Second only to “silly GIFs,” I’d guess screenshots of caniuse are the most common slide graphic at web conferences. It’s become the ultimate source for looking at web compatibility data in the hearts and minds of web developers.
Can I use CSS
filter in Firefox? Yes. Can I use the
filter() function? No.
But of course, MDN has incredible web platform documentation that also includes compatibility data. So it’s nice to see them collaborate. And not just theoretically — it’s already happening.
Florian Scholz and Alexis Deveria:
Massive upgrade, already live on the site. I absolutely love real collaboration like this when it actually happens. I remember back in 2012 when WebPlatform.org launched and every single major web company gave lip service that they were going to contribute and consolidate their documentation there. Sounded too good to be true. Launched before that work actually happened. Died unglamorously a few years later.
The caniuse database, I believe, is basically this 2MB JSON file on GitHub. We use that right here on CSS-Tricks. We pull it in and use the data in it to display our support tables, crediting caniuse while we do it.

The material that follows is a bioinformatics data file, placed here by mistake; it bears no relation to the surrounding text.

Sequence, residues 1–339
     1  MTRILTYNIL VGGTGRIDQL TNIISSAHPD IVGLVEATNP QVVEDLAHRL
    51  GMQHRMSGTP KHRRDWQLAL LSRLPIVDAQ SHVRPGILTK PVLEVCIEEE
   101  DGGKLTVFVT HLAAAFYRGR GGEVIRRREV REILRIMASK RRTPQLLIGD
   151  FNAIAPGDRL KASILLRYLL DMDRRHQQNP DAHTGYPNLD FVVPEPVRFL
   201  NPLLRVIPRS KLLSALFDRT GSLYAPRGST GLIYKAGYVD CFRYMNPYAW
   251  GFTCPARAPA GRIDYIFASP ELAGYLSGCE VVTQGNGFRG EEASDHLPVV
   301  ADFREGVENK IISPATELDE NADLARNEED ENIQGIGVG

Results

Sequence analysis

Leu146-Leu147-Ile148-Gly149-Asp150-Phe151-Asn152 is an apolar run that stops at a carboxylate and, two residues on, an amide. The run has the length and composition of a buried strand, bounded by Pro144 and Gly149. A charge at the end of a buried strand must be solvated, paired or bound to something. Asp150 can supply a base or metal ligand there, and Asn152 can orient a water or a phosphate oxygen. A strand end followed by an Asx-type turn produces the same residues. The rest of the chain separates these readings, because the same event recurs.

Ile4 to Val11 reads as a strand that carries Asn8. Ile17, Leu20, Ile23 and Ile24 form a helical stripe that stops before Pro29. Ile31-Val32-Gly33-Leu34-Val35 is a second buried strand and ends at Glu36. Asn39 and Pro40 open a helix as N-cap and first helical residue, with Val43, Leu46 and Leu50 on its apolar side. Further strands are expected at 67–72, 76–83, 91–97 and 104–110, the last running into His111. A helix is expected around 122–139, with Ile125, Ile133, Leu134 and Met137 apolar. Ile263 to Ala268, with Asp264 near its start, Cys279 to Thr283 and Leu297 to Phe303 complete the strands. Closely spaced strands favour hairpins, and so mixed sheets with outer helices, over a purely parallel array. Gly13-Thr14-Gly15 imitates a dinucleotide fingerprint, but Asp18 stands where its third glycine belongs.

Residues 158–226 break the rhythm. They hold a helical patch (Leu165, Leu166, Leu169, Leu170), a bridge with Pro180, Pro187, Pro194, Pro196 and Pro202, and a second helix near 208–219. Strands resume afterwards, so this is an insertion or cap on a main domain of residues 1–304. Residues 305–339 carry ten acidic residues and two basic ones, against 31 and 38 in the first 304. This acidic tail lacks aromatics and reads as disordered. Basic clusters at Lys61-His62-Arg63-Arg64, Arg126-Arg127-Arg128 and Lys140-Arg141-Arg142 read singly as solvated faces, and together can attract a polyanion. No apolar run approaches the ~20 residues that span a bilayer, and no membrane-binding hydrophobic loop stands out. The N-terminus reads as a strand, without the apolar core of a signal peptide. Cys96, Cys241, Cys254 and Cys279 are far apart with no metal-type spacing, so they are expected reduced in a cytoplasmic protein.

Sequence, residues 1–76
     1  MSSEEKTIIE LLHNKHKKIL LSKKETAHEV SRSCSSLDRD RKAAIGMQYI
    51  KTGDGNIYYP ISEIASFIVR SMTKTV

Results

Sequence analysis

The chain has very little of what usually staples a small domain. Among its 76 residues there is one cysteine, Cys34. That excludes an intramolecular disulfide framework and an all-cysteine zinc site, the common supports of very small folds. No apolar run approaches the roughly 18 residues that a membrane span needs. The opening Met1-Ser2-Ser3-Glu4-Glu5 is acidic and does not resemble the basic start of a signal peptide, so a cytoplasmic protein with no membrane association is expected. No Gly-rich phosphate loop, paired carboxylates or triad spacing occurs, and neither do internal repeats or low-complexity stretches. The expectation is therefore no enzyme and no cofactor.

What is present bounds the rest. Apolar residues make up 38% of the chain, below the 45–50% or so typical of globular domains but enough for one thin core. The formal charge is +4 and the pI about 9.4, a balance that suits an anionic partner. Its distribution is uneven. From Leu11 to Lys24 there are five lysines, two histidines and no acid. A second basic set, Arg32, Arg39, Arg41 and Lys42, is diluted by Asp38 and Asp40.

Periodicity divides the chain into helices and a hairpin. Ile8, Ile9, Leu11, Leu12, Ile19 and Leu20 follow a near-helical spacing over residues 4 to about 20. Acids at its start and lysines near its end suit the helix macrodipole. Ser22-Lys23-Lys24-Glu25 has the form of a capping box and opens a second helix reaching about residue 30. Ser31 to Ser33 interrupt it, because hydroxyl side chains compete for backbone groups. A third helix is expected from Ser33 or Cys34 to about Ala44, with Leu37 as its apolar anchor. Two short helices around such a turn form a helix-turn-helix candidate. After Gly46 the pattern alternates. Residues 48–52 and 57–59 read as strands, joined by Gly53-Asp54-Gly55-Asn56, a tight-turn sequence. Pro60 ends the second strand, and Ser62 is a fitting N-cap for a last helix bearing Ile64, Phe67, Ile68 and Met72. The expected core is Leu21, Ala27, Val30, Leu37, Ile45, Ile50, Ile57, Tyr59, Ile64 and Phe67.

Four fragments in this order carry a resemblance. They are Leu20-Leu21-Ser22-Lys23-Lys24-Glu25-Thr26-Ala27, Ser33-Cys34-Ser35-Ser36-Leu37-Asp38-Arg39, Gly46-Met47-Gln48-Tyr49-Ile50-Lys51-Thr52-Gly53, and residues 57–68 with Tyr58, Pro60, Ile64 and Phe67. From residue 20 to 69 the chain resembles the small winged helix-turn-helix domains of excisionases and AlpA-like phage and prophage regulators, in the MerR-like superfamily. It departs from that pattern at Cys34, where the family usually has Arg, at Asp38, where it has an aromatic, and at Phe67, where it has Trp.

This browser support data is from Caniuse, which has more detail. A number indicates that browser supports the feature at that version and up.
Mobile / Tablet
|iOS Safari||Opera Mobile||Opera Mini||Android||Android Chrome||Android Firefox|
It doesn’t sound like the MDN data is going to make its way into that JSON, so I guess my big hope is that that dataset continues to be updated, or that if it is someday replaced, it is in a place that is similarly easy to access.
I totally get why they are just combining the data sources out of the gate, as MDN digs into individual features in a way that caniuse typically doesn’t. For example, the individual values for
justify-content are super complicated!
I imagine that kind of detail might require a deeper architectural change that wasn’t right for a Version 1 integration.